1. Agreeing to limit average global temperature to less than 1.5°C and send a signal to the global marketplace that the world is serious about clean energy.
2. Signing a legally binding agreement where all countries commit to greening their economy to achieve emission reduction to get to the temperature target.
3. Providing funding and technology to support adaptation to climate change through a dedicated mechanism so we can pursue sustainable development.
4. Supporting establishment of a comprehensive insurance and risk management facility to make sure that socioeconomic gains attained through sacrifice is not destroyed by climate change. 

As emissions increase, changing the global climate, triggering rises in sea levels, changes in rainfall patterns, bleaching of corals, eroding shorelines, and reducing our fisheries, we, the SIDS, would like to know what would you in the industrialized economies do if the situations were reversed? 

Would you want us to be concerned about your future survival and that of your children, or merely consider you as collateral damage in order to maintain a comfortable and fulfilling
lifestyle? Sustainable technological systems that can provide the global population with the same level and significantly more energy services, than what is now provided by high GHG
emitting sources, have been developed but not deployed due to perceived higher costs. For example, the oceans have many times the energy needed by the global population, and it  can be harvested with limited emissions of GHG. How you would feel if you were a citizen of  SIDS, and knew there were low carbon energy alternatives available that can provide the global population with productive and enjoyable lifestyles many times over, without our destruction, but it was considered too much of an economic sacrifice?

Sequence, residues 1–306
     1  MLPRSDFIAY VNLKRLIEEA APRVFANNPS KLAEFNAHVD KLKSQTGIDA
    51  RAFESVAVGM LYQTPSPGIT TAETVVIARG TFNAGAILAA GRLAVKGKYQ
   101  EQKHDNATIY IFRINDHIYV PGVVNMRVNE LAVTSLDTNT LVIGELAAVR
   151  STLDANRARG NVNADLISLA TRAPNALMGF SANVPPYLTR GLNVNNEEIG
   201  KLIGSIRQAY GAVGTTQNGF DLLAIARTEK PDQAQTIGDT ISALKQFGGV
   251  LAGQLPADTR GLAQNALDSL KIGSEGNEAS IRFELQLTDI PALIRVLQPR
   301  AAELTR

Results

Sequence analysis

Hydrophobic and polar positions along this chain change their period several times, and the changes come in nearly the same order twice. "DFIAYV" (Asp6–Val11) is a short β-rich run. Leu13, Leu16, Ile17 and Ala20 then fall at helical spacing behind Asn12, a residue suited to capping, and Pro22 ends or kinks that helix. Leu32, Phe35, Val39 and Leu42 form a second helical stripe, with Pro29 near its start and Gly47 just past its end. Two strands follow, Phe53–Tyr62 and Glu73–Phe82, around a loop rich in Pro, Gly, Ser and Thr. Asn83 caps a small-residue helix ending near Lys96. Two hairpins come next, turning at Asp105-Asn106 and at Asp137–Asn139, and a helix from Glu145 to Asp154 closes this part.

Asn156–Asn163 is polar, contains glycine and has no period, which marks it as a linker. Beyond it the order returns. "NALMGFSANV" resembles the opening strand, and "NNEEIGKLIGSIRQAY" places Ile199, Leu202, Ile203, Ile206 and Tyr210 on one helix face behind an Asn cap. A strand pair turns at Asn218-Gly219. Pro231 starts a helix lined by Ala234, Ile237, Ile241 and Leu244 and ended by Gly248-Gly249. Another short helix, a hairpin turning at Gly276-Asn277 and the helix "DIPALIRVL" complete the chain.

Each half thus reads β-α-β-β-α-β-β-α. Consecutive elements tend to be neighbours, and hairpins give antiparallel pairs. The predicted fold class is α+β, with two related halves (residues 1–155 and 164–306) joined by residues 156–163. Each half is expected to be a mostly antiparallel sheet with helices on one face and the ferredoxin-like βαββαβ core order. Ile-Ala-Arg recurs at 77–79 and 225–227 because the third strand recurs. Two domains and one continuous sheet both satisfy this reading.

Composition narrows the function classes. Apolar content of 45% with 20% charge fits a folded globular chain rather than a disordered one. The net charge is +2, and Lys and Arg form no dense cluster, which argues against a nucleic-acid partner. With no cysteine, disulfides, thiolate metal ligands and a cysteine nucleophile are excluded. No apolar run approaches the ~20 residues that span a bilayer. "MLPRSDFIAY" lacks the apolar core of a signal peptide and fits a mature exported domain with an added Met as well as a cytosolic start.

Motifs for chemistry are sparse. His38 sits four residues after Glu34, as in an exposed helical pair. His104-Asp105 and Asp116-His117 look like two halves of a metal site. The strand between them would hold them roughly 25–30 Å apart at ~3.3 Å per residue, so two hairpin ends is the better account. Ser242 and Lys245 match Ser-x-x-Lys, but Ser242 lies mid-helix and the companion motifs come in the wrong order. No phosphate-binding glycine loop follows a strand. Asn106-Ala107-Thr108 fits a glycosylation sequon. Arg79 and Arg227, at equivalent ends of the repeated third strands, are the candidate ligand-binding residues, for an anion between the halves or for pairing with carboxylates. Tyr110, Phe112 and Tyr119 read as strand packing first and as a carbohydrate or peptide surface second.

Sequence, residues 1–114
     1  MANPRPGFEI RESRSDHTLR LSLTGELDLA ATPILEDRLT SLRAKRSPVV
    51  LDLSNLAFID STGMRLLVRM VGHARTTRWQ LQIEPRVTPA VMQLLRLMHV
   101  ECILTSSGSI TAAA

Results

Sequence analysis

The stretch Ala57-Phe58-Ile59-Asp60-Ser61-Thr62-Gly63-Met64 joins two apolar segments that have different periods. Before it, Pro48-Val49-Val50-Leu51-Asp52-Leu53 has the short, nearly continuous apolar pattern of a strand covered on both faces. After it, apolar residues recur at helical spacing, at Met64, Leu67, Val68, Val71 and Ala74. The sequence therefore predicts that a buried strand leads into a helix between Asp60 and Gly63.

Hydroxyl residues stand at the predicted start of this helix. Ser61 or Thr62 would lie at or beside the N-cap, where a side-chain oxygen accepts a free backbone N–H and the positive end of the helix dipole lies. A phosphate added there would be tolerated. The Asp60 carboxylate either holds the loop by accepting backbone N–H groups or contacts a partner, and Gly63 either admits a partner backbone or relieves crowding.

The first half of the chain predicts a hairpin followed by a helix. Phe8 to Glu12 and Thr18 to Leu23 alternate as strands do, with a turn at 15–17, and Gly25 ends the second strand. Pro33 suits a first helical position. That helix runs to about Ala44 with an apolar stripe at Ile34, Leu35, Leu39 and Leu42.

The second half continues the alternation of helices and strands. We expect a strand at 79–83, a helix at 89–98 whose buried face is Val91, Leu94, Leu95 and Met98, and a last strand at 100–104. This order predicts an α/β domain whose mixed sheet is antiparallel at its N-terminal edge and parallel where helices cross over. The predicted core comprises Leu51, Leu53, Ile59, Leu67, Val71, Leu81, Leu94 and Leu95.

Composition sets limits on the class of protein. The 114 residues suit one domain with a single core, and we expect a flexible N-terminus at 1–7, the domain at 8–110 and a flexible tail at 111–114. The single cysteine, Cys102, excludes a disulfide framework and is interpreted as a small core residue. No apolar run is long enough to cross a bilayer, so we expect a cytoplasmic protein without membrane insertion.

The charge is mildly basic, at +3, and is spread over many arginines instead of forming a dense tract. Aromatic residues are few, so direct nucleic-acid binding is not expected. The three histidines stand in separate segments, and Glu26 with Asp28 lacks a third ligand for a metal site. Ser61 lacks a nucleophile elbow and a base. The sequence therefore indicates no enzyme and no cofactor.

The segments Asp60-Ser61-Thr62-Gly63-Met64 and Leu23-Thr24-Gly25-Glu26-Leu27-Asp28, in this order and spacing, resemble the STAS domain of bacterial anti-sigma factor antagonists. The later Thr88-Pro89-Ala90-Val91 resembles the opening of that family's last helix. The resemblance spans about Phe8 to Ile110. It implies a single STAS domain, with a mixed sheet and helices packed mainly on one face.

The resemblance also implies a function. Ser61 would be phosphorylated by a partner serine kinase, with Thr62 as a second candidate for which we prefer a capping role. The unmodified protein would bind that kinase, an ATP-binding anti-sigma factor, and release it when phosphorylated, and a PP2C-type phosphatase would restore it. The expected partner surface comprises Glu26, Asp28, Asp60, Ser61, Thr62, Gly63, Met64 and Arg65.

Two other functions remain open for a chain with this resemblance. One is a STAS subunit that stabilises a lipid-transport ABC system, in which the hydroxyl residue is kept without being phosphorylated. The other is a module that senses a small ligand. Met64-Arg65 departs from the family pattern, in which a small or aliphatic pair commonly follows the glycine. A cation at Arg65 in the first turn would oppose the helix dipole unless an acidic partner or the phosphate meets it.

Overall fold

For thousands of years, the millions of people living on small island states have generally  been responsible stewards of their environment, due to high dependency on environmental
services for survival and economic development. SIDS have acted as custodians of almost  25 percent of the world’s oceans, a responsibility that is taken very seriously. We have also  played major roles in the evolution of the global maritime and tourism industries, with the  tourism sector accounting for between 45 and 80 percent of gross domestic product in most  SIDS today.

We wish to continue welcoming you to our environment, and we also want to enjoy some of your luxurious lifestyle, a lifestyle that you can still enjoy by pursuing alternative, sustainable energy sources; a lifestyle that can help reduce the unprecedented rate of GHG emissions.

This is a feature from the Alliance of Small Islands States - please visit for more information.

Saturday, 12 June 2010

No consensus towards Cancun, revised text not balanced, says negotiators

By Makereta Komai for Climate Pasifika in Bonn, Germany

11 June 2010 Bonn, Germany --- After two weeks of climate change talks in the German city of Bonn, there are more questions than answers to what was expected to be a consensus text to usher in a possible legally binding deal in Cancun, Mexico at the end of the year.

A non paper introduced Thursday by the chair of the long term co-operative action, Margaret Mukahanana-Sangarwe was re-submitted as the revised text Friday in the hope that it becomes the conclusions of the negotiations here in Bonn.

Much to the dismay of many Parties, including the Alliance of Small Island States and the influential Group of  77 and China described the revised text as “unbalanced and not reflective of the views expressed in the informal contact groups.”